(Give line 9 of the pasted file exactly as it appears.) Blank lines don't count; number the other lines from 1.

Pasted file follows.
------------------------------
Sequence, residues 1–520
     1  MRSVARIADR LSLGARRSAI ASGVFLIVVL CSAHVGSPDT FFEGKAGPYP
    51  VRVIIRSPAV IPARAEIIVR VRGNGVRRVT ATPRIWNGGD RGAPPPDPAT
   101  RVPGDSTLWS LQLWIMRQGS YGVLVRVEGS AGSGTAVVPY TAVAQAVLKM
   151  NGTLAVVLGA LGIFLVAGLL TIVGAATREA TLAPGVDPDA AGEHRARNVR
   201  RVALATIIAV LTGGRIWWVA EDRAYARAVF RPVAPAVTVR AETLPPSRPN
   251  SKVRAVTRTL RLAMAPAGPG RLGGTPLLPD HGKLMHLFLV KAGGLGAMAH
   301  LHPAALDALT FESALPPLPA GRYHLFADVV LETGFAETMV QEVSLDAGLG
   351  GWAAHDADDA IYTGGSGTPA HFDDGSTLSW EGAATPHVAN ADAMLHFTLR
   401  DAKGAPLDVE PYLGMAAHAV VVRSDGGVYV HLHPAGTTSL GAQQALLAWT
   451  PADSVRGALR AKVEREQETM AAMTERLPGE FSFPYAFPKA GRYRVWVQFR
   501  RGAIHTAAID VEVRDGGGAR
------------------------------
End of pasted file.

   351  GWAAHDADDA IYTGGSGTPA HFDDGSTLSW EGAATPHVAN ADAMLHFTLR